May 30, 2017, 8:54 pm
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1 Philippine Peso = 0.07364 UAE Dirham
1 Philippine Peso = 2.41007 Albanian Lek
1 Philippine Peso = 0.03564 Neth Antilles Guilder
1 Philippine Peso = 0.31981 Argentine Peso
1 Philippine Peso = 0.027 Australian Dollar
1 Philippine Peso = 0.03589 Aruba Florin
1 Philippine Peso = 0.0401 Barbados Dollar
1 Philippine Peso = 1.6166 Bangladesh Taka
1 Philippine Peso = 0.03506 Bulgarian Lev
1 Philippine Peso = 0.00754 Bahraini Dinar
1 Philippine Peso = 34.21095 Burundi Franc
1 Philippine Peso = 0.02005 Bermuda Dollar
1 Philippine Peso = 0.02781 Brunei Dollar
1 Philippine Peso = 0.13836 Bolivian Boliviano
1 Philippine Peso = 0.06529 Brazilian Real
1 Philippine Peso = 0.02005 Bahamian Dollar
1 Philippine Peso = 1.29236 Bhutan Ngultrum
1 Philippine Peso = 0.20493 Botswana Pula
1 Philippine Peso = 401.44376 Belarus Ruble
1 Philippine Peso = 0.04006 Belize Dollar
1 Philippine Peso = 0.02702 Canadian Dollar
1 Philippine Peso = 0.01963 Swiss Franc
1 Philippine Peso = 13.52517 Chilean Peso
1 Philippine Peso = 0.13741 Chinese Yuan
1 Philippine Peso = 58.34771 Colombian Peso
1 Philippine Peso = 11.64428 Costa Rica Colon
1 Philippine Peso = 0.02005 Cuban Peso
1 Philippine Peso = 1.98697 Cape Verde Escudo
1 Philippine Peso = 0.47778 Czech Koruna
1 Philippine Peso = 3.56126 Djibouti Franc
1 Philippine Peso = 0.13403 Danish Krone
1 Philippine Peso = 0.93884 Dominican Peso
1 Philippine Peso = 2.17475 Algerian Dinar
1 Philippine Peso = 0.28187 Estonian Kroon
1 Philippine Peso = 0.36094 Egyptian Pound
1 Philippine Peso = 0.46049 Ethiopian Birr
1 Philippine Peso = 0.01801 Euro
1 Philippine Peso = 0.04182 Fiji Dollar
1 Philippine Peso = 0.01561 Falkland Islands Pound
1 Philippine Peso = 0.01565 British Pound
1 Philippine Peso = 0.0872 Ghanaian Cedi
1 Philippine Peso = 0.90034 Gambian Dalasi
1 Philippine Peso = 181.17105 Guinea Franc
1 Philippine Peso = 0.14734 Guatemala Quetzal
1 Philippine Peso = 4.06477 Guyana Dollar
1 Philippine Peso = 0.15626 Hong Kong Dollar
1 Philippine Peso = 0.47034 Honduras Lempira
1 Philippine Peso = 0.13286 Croatian Kuna
1 Philippine Peso = 1.33467 Haiti Gourde
1 Philippine Peso = 5.54381 Hungarian Forint
1 Philippine Peso = 267.31502 Indonesian Rupiah
1 Philippine Peso = 0.07139 Israeli Shekel
1 Philippine Peso = 1.29406 Indian Rupee
1 Philippine Peso = 23.68157 Iraqi Dinar
1 Philippine Peso = 650.67176 Iran Rial
1 Philippine Peso = 1.99739 Iceland Krona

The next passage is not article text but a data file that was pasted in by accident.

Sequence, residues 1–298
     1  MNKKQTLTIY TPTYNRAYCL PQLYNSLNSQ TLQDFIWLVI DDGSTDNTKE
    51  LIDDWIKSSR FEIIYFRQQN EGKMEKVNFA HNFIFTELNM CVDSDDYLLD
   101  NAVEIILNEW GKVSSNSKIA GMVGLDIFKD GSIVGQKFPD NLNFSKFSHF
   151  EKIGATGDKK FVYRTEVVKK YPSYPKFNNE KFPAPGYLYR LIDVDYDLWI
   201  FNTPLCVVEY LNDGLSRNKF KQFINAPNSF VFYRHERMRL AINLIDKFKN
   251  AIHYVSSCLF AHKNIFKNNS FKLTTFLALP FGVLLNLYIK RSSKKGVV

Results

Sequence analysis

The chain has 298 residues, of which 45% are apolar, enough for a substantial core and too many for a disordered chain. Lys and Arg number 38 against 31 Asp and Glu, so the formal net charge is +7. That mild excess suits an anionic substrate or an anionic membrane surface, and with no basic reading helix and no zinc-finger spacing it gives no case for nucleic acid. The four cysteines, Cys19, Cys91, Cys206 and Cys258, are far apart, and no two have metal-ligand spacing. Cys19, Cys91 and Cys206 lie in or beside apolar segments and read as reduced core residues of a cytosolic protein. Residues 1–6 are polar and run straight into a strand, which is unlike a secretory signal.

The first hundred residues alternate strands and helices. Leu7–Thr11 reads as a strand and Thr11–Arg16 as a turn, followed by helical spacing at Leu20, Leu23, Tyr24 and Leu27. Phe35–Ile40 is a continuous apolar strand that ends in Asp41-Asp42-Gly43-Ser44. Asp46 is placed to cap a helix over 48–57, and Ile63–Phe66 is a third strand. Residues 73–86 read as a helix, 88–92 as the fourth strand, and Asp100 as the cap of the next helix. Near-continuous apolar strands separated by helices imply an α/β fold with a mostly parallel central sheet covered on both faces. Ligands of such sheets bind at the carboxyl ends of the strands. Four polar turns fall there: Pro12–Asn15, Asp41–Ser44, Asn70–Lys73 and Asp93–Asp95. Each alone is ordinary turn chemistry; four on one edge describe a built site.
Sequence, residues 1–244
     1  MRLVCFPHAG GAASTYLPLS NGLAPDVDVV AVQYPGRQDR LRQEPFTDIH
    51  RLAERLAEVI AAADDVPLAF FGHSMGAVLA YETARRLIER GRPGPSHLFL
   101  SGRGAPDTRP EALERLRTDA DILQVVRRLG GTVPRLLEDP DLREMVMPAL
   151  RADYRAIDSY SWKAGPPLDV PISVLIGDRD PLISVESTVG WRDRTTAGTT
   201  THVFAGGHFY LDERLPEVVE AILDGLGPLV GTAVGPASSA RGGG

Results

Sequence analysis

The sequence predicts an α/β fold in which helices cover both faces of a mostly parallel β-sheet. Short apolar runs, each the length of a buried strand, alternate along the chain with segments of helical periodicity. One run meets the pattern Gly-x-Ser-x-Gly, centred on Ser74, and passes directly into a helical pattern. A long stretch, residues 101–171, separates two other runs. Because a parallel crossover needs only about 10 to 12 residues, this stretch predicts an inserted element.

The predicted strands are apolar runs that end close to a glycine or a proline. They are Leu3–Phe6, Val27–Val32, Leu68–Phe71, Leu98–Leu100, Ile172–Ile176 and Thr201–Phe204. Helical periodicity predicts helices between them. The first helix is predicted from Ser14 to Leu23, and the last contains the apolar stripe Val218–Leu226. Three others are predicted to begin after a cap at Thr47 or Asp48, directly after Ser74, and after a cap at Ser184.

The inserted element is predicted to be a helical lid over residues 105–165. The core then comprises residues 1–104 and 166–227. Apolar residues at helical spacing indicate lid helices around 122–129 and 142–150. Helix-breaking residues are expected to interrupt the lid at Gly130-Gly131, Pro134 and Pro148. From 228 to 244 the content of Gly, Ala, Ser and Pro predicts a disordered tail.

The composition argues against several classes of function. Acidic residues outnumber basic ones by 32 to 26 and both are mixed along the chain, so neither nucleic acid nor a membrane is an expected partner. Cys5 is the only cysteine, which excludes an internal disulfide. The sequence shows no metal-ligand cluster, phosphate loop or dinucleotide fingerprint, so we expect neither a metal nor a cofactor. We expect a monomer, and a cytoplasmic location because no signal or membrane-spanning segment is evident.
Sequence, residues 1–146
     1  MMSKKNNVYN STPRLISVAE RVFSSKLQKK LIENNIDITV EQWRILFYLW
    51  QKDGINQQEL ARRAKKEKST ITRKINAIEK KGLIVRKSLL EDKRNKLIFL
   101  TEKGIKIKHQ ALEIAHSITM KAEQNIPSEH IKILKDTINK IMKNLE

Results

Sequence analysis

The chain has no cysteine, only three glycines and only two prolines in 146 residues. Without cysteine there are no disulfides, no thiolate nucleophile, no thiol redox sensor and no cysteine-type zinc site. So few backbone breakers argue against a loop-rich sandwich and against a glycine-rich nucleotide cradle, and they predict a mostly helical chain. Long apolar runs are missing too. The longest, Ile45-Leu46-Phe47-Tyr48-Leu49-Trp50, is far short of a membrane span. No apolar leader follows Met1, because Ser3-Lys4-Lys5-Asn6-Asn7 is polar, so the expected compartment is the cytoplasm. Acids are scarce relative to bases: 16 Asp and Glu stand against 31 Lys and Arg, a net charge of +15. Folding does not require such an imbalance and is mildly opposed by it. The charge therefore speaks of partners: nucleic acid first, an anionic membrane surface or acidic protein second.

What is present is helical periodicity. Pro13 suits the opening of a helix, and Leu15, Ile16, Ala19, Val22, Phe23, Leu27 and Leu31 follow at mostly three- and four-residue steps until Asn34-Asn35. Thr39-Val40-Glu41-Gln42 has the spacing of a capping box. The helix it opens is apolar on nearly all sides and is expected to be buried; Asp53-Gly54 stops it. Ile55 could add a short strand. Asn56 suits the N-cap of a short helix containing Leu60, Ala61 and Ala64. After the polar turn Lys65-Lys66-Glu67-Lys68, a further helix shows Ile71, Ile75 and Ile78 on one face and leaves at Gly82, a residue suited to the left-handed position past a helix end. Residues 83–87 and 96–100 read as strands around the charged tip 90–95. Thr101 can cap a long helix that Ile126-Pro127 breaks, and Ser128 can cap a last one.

1 Philippine Peso = 2.59535 Jamaican Dollar
1 Philippine Peso = 0.01422 Jordanian Dinar
1 Philippine Peso = 2.22292 Japanese Yen
1 Philippine Peso = 2.06637 Kenyan Shilling
1 Philippine Peso = 1.36342 Kyrgyzstan Som
1 Philippine Peso = 81.33948 Cambodia Riel
1 Philippine Peso = 9.02567 Comoros Franc
1 Philippine Peso = 18.04692 North Korean Won
1 Philippine Peso = 22.52055 Korean Won
1 Philippine Peso = 0.00608 Kuwaiti Dinar
1 Philippine Peso = 0.01644 Cayman Islands Dollar
1 Philippine Peso = 6.22579 Kazakhstan Tenge
1 Philippine Peso = 164.42751 Lao Kip
1 Philippine Peso = 30.1925 Lebanese Pound
1 Philippine Peso = 3.06196 Sri Lanka Rupee
1 Philippine Peso = 1.8448 Liberian Dollar
1 Philippine Peso = 0.25807 Lesotho Loti
1 Philippine Peso = 0.06113 Lithuanian Lita
1 Philippine Peso = 0.01244 Latvian Lat
1 Philippine Peso = 0.02794 Libyan Dinar
1 Philippine Peso = 0.19633 Moroccan Dirham
1 Philippine Peso = 0.36344 Moldovan Leu
1 Philippine Peso = 1.10347 Macedonian Denar
1 Philippine Peso = 27.33106 Myanmar Kyat
1 Philippine Peso = 48.04492 Mongolian Tugrik
1 Philippine Peso = 0.16094 Macau Pataca
1 Philippine Peso = 7.17866 Mauritania Ougulya
1 Philippine Peso = 0.6938 Mauritius Rupee
1 Philippine Peso = 0.308 Maldives Rufiyaa
1 Philippine Peso = 14.38981 Malawi Kwacha
1 Philippine Peso = 0.37146 Mexican Peso
1 Philippine Peso = 0.08585 Malaysian Ringgit
1 Philippine Peso = 0.26102 Namibian Dollar
1 Philippine Peso = 6.43674 Nigerian Naira
1 Philippine Peso = 0.59984 Nicaragua Cordoba
1 Philippine Peso = 0.16929 Norwegian Krone
1 Philippine Peso = 2.06136 Nepalese Rupee
1 Philippine Peso = 0.02844 New Zealand Dollar
1 Philippine Peso = 0.00772 Omani Rial
1 Philippine Peso = 0.02005 Panama Balboa
1 Philippine Peso = 0.06582 Peruvian Nuevo Sol
1 Philippine Peso = 0.06346 Papua New Guinea Kina
1 Philippine Peso = 1 Philippine Peso
1 Philippine Peso = 2.09846 Pakistani Rupee
1 Philippine Peso = 0.07534 Polish Zloty
1 Philippine Peso = 112.05735 Paraguayan Guarani
1 Philippine Peso = 0.07301 Qatar Rial
1 Philippine Peso = 0.08223 Romanian New Leu
1 Philippine Peso = 1.13242 Russian Rouble
1 Philippine Peso = 16.43433 Rwanda Franc
1 Philippine Peso = 0.07519 Saudi Arabian Riyal
1 Philippine Peso = 0.15815 Solomon Islands Dollar
1 Philippine Peso = 0.2679 Seychelles Rupee
1 Philippine Peso = 0.13354 Sudanese Pound
1 Philippine Peso = 0.17503 Swedish Krona
1 Philippine Peso = 0.02781 Singapore Dollar
1 Philippine Peso = 0.01561 St Helena Pound
1 Philippine Peso = 0.44528 Slovak Koruna
1 Philippine Peso = 150.39102 Sierra Leone Leone
1 Philippine Peso = 10.96852 Somali Shilling
1 Philippine Peso = 441.47785 Sao Tome Dobra
1 Philippine Peso = 0.1749 El Salvador Colon
1 Philippine Peso = 10.32645 Syrian Pound
1 Philippine Peso = 0.26048 Swaziland Lilageni
1 Philippine Peso = 0.68398 Thai Baht
1 Philippine Peso = 0.04812 Tunisian Dinar
1 Philippine Peso = 0.04614 Tongan paʻanga
1 Philippine Peso = 0.07172 Turkish Lira
1 Philippine Peso = 0.13474 Trinidad Tobago Dollar
1 Philippine Peso = 0.60567 Taiwan Dollar